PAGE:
I tried Googling "Kant 'notions'" but that doesn't seem efficient (from the results I've gotten). I assume that he appealed to the word for its being originally cognate with noesis and the like, although whether he used it often, I don't recall, nor whether he always used it in line with his one-off definition of notions as formed by the pure faculty of our concepts (the understanding), with reason forming ideas out of notions.

Where do notions fit in, exactly, alongside concepts like type of the law or formal intuition, in Kant's network of kinds of representation? I doubt they're types as such, since Kant seems to assign types to pure reason, whereas notions have more purchase in the understanding, and they're not formal intuitions of course, but could they be on roughly the same "level of abstraction" as types and formal intuitions?

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    I am guessing you are referring to the Stufenleiter in CPR:"A concept is either an empirical or a pure concept, and the pure concept, insofar as it has its origin solely in the understanding (not in a pure image of sensibility), is called notio. A concept made up of notions, which goes beyond the possibility of experience, is an idea or a concept of reason." So notions are elementary pure concepts of the understanding that go beyond any possible experience, not formed from concepts. IEP has a commentary on them alongside other representations.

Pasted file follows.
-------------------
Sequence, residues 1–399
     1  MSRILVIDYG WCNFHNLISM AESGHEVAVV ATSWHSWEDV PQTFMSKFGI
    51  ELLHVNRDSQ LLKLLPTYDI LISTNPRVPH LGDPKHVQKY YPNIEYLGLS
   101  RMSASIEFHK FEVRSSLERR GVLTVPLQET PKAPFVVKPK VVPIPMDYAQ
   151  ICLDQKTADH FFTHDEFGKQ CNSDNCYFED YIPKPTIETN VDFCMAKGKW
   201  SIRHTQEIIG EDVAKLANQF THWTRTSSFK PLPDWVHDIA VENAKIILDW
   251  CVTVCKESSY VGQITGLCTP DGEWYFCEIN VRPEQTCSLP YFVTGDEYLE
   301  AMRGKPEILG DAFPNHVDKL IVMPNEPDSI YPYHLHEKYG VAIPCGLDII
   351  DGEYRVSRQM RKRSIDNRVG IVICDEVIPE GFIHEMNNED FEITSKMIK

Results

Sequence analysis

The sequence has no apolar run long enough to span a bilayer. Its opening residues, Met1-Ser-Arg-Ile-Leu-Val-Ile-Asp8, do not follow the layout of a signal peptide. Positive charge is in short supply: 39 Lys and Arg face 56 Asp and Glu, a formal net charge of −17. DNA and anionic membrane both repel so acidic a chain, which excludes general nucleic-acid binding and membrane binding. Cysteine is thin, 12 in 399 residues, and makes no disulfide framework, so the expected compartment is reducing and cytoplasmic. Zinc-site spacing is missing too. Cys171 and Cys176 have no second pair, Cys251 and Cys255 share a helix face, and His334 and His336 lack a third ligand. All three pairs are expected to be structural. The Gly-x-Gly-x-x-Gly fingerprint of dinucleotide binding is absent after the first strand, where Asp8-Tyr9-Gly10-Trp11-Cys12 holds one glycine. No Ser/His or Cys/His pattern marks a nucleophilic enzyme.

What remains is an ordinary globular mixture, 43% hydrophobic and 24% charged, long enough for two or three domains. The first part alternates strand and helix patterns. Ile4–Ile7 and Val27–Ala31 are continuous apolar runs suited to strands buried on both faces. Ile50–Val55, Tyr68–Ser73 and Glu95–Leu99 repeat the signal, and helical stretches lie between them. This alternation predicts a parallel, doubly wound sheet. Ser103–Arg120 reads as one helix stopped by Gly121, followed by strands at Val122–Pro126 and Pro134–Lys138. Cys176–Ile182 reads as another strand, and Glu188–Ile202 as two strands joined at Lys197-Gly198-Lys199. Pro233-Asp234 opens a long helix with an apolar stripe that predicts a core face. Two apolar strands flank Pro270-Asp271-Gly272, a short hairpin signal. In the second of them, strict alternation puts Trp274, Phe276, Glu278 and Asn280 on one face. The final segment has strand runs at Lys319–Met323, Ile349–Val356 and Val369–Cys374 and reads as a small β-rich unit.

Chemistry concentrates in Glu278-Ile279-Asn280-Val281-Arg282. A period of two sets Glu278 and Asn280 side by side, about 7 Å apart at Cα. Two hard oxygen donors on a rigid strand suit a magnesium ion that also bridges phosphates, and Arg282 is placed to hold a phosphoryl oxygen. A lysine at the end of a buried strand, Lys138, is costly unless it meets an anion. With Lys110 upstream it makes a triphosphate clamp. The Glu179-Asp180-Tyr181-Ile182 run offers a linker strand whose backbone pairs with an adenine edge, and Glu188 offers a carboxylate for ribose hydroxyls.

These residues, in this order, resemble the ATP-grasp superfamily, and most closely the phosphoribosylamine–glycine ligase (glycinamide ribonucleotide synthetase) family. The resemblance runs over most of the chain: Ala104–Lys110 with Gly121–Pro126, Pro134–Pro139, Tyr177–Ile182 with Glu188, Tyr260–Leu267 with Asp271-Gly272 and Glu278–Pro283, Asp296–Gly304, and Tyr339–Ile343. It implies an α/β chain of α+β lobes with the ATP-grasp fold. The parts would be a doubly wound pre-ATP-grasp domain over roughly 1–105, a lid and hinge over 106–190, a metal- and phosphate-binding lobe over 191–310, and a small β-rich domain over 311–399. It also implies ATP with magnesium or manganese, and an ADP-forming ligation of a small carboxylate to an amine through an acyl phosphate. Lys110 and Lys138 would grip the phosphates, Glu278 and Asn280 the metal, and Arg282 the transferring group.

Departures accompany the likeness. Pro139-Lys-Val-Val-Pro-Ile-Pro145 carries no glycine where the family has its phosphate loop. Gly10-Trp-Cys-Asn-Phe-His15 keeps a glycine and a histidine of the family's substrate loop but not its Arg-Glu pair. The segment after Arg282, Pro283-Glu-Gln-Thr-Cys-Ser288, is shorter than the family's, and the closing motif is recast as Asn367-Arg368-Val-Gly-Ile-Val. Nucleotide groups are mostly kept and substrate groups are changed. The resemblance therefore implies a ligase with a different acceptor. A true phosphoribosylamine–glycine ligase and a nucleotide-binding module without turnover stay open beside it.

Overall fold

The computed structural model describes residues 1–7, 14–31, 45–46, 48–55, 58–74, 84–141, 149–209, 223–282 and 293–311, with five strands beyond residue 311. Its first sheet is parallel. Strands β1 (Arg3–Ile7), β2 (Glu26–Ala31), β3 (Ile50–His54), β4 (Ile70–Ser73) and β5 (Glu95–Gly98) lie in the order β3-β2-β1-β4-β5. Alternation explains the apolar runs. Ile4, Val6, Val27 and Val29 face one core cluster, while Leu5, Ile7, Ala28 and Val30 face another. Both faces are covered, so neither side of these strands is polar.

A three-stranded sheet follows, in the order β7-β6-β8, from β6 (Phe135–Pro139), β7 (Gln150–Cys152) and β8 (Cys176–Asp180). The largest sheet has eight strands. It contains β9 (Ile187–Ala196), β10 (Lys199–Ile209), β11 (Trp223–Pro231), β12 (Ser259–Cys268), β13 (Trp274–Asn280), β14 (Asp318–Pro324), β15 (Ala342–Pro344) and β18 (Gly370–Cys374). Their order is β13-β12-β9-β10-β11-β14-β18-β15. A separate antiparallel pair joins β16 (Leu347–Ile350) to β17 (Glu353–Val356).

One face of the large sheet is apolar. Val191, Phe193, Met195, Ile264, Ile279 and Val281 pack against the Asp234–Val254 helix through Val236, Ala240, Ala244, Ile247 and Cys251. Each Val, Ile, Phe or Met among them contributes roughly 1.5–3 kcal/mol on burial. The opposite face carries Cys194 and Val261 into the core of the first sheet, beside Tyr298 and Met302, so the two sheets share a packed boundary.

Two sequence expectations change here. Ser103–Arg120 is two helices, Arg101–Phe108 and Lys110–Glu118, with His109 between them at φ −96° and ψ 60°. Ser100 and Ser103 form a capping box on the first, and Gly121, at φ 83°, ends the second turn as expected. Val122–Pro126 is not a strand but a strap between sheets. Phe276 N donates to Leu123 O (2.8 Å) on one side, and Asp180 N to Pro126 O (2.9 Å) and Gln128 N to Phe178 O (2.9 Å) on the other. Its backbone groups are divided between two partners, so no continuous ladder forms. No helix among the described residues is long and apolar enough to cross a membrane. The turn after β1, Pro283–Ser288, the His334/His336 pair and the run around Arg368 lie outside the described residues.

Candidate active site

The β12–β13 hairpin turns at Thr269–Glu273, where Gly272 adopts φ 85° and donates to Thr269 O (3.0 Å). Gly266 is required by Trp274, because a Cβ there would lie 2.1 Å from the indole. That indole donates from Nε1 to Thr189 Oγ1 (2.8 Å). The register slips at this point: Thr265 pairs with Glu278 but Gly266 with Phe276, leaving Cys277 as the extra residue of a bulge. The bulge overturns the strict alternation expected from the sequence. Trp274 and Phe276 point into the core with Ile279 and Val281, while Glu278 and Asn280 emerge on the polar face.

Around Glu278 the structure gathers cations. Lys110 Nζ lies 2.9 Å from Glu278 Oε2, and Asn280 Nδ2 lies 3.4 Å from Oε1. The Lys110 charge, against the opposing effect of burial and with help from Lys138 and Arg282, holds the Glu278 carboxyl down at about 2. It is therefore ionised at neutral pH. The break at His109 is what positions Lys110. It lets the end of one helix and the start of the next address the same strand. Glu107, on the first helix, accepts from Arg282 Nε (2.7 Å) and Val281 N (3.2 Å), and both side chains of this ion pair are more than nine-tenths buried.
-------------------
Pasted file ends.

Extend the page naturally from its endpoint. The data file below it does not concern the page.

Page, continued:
– Conifold
    Sep 28 at 13:09


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